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The leaf of eglantine, whom not to slander,
Out-sweeten'd not thy breath: the ruddock 8 would,
With charitable bill (o bill, sore-shaming
Those rich-left heirs, that let their fathers lie
Without a monument !) bring thee all this;
Yea, and furr'd moss besides, when flowers are none,
To winter-ground thy corse.

Pr'ythee, have done
And do not play in wench-like words with that.
Which is so serious. Let us bury him,
And not protract with admiration what
Is now due debt.

To the grave.

Say, where shall's lay him ?
Gui. By good Euriphile, our mother.
And let us, Polydore, though now our voices
Have got the mannish crack, sing him to the

As once our mother; use like note, and words,
Save that Euriphile must be Fidele.

Gui. Cadwal,
I cannot sing: I'll weep, and word it with thee.

We'll speak it then.
Bel. Great griefs, I see, medicine the less : for

Is quite forgot. He was a queen's son, boys :
And, though he came our enemy, remember,
He was paid for that: Though mean and mighty,

Together, have one dust; yet reverence,
(That angel of the world,) doth make distinction
Of place 'tween high and low.

And though you took his life, as being our foe,
Yet bury him as a prince.

8 The red-breast.
9 Probably a corrupt reading, for, wither round thy corse.

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'Pray you, fetch him hither. Thersites' body is as good as Ajax, When neither are alive. Aru.

If you'll go fetch him, We'll say our song the whilst. -- Brother, begin.

Erit BELARIUS. Gui. Nay, Cadwal, we must lay his head to the

east; My father hath a reason for't. Aru.

'Tis true. Gui, Come on then, and remove him. Aru.

So, - begin.

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Guí. Fear no more the heat o'the sun,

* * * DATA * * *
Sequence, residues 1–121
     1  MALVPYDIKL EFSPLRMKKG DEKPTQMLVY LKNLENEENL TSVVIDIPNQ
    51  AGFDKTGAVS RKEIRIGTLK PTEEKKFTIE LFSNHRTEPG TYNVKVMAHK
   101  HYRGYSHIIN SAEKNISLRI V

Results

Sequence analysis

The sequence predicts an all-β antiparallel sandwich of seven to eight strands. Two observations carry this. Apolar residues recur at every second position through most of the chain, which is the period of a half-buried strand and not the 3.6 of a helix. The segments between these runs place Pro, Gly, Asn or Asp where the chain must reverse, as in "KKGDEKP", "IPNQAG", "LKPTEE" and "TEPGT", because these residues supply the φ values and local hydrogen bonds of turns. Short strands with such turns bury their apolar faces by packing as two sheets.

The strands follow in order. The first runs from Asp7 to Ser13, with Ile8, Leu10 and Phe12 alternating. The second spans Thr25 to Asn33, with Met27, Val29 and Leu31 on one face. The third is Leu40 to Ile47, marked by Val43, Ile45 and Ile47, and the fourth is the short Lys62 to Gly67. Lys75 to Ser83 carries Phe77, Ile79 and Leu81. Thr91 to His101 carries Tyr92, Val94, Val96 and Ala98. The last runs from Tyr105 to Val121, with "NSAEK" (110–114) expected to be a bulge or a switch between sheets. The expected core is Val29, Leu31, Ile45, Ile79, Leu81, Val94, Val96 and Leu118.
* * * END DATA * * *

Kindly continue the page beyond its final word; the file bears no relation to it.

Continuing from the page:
Nor the

furious winter's rages ;
Thou thy worldly task hast done,

Home art gone, and ta'en thy wages :
Golden lads and girls all must,

As chimney-sweepers, come to dust.
Arv. Fear no more the frown o'the great,

Thou art past the tyrant's stroke;
Care no more to clothe, and eat;

To thee the reed is as the oak :
The sceptre, learning, physick, must
All follow this, and come to dust.,

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Gui. Fear no more the lightning-flash,
Arv. Nor the all-dreaded thunder-stone ;
Gui. Fear not slander, censure' rash;
Arv. Thou hast finish'd joy and moan :
Both. All lovers


alt lovers must Consign? to thee, and come to dust.

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Gui. No exorciser harm thee!
Arv. Nor no witchcraft charm thee!
Gui. Ghost unlaid forbear thee !
Arv. Nothing ill come near thee!
Both. Quiet consummation have;

And renowned be thy grave!



Re-enter BelArius, with the Body of Cloten.
Gui. We have done our obsequies: Come, lay

him down.
Bel. Here's a few flowers, but about midnight,

in .



The herbs, that have on them cold dew o’the night,
Are strewings fitt'st for graves. Upon their
You were as flowers, now wither'd: even so
These herb'lets shall, which we upon you strow.-

on, away: apart, upon our knees.
The ground, that gave them first, has them again;
Their pleasures here are past, so is their pain.

[Exeunt BelARIUS, GUIDERIUS, and

Imo. [Awaking.] Yes, sir, to Milford-Haven;

Which is the way?
I thank you. - By yon bush ? Pray, how far

Is't possible it can be six miles yet ?